Like everyone else, I waver between preparation and skepticism, between worry and calm. Do we really need giant jugs of water in our storage unit? How are the therapists that come into our home avoiding transmitting viruses from family to family? How many bags of cat litter are too many?
It feels strange to not know how to make plans for six weeks from now – or if we even should. I came into work on Monday planning to prepare for a large meeting that I chair each month. That meeting was scheduled for Tuesday. A few hours later, I was told that we would need to make alternate arrangements for that meeting. Can I plan to move March’s agenda and presentations to April? Should I be planning for May? I don’t know.
Like everyone else, I’m weighing the known against the unknown. I’m in good health, and have a job that I can do from home, and an employer that will hopefully be supportive of those arrangements (even if my kids are not); the risks for me are minimal. My kids are in good health and don’t go to school; the risks for them are minimal. But my husband is immunocompromised; the risks for him are very high. So it’s rational to be simultaneously calm and anxious, to want to do whatever I can to protect our family in the face of uncertainty while also feeling a little like I’m losing my mind.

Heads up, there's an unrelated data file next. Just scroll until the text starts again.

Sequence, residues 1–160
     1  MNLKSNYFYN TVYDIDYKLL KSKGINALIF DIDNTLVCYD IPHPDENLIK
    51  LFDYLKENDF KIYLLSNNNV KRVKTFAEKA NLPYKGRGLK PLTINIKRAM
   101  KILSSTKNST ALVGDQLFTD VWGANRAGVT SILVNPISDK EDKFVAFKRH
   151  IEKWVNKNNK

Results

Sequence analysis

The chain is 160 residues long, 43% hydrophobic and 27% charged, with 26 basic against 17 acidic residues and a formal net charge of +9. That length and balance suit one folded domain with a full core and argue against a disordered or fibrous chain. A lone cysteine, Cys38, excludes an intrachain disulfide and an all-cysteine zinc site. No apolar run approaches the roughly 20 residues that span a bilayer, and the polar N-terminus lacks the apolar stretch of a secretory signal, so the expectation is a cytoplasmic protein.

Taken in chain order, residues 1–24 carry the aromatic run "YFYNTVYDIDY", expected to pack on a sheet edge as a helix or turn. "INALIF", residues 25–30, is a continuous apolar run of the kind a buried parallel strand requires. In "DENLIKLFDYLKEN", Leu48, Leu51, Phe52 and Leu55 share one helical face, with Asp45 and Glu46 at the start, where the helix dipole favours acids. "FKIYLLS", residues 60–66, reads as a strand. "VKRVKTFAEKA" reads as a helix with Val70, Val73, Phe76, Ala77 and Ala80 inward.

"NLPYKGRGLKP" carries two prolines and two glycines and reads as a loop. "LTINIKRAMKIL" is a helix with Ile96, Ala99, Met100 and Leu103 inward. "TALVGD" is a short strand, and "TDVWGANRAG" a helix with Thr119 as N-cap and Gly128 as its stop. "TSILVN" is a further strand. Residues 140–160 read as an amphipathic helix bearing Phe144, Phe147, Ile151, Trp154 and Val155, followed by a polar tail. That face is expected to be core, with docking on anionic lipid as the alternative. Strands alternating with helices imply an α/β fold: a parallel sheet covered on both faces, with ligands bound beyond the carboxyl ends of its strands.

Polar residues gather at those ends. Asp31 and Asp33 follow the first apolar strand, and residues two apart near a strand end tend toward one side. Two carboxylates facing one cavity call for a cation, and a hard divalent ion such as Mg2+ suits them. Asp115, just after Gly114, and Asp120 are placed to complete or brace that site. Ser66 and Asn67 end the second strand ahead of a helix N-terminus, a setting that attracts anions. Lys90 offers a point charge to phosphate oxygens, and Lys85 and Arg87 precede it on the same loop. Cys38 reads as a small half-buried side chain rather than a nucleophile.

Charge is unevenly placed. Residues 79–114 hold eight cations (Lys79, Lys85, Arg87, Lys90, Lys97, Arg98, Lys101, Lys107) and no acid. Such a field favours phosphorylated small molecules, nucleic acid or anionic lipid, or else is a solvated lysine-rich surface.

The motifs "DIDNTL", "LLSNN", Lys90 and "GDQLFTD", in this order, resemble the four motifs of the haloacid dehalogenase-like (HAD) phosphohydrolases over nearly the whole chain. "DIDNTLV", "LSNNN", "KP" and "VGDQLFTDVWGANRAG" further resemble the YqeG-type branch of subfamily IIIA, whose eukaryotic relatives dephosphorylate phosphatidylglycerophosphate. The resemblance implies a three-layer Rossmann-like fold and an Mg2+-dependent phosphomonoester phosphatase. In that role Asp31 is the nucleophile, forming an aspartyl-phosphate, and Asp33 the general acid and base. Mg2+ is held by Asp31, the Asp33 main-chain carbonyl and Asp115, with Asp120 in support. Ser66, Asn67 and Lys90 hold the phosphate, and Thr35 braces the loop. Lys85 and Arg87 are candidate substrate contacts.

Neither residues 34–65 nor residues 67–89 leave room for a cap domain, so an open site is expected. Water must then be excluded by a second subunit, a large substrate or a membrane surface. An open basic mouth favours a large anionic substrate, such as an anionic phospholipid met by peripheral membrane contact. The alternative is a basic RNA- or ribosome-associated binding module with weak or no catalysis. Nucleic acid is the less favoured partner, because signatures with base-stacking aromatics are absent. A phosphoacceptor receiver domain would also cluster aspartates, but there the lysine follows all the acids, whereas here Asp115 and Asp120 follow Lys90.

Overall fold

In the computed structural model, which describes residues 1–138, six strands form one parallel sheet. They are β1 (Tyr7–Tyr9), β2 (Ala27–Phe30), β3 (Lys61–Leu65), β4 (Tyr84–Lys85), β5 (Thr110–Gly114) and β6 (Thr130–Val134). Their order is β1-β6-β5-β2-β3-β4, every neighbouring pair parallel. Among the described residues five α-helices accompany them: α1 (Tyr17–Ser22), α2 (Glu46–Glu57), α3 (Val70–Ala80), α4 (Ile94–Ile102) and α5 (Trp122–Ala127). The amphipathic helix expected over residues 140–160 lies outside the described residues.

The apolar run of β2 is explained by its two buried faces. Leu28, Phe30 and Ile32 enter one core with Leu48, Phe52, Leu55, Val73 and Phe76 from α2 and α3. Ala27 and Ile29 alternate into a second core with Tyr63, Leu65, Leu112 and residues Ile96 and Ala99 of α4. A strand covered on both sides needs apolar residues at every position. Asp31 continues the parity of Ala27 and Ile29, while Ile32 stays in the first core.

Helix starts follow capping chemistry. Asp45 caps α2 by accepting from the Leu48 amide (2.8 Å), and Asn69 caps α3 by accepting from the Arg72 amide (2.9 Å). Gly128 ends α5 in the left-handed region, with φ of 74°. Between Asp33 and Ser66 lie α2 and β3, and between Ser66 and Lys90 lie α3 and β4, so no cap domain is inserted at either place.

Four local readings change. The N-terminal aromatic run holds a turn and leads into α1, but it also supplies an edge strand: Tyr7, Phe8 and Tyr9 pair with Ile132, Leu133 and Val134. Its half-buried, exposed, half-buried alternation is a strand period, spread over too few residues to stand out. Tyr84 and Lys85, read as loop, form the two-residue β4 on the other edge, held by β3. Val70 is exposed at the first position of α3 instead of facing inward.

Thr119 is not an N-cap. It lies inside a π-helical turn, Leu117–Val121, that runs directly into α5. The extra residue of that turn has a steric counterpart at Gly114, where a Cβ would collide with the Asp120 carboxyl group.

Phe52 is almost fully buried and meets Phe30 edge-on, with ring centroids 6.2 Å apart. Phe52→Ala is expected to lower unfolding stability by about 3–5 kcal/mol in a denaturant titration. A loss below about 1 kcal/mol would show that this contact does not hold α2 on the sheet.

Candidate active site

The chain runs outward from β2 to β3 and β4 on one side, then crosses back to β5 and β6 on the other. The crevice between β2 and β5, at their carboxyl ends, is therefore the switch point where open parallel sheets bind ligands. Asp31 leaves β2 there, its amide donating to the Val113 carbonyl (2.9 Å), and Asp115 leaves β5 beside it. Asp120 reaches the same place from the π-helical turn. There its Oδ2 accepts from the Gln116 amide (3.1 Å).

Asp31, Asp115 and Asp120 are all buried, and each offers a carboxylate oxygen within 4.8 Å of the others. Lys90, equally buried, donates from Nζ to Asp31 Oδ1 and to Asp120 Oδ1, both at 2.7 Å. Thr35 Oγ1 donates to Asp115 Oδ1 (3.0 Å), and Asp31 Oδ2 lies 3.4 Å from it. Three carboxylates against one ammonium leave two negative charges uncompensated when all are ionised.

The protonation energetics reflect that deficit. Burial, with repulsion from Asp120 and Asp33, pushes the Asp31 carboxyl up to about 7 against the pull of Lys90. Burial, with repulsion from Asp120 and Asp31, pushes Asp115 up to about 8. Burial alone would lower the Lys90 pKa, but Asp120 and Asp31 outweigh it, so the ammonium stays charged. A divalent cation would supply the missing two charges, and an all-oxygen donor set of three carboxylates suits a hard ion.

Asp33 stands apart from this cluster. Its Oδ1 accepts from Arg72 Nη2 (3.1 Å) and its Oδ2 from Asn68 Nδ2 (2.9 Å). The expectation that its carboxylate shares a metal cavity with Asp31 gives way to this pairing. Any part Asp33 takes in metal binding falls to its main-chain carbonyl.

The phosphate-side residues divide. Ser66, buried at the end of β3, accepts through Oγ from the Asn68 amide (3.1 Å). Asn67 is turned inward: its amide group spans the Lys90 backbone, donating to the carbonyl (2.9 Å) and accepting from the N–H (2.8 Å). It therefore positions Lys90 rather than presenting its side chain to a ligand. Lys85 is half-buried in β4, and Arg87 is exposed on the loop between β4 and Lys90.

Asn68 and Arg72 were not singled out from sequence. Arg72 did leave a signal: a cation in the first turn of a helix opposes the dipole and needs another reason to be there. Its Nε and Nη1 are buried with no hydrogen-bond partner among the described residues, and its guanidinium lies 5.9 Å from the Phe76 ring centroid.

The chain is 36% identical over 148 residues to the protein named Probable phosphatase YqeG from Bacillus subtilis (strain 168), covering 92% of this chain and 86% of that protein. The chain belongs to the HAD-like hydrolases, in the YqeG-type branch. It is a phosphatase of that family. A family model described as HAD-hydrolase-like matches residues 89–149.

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I started writing this three days ago. How much has changed, and how quickly. How strange to think that a week ago, I was brokenhearted because my candidate withdrew and a hip injury meant I probably couldn’t run a race next month.
I packed up my office yesterday, ferrying my books and snacks home on my bike in perfect weather, and today am working from a desk in my son’s room, where I will be surrounded by blocks and stuffed animals and books of mythology for the indefinite future. This will be an adjustment; I am doing my best to practice kindness and patience. The latter is not my strong suit.
I went to the grocery store this morning, hoping to beat the crowds if I went early enough. I did not beat the crowds, but we all waited with our full shopping carts, concerned but calm. Everything will get worse before it gets better; for now, the sun is shining through the open windows and it feels perverse to have a care in the world.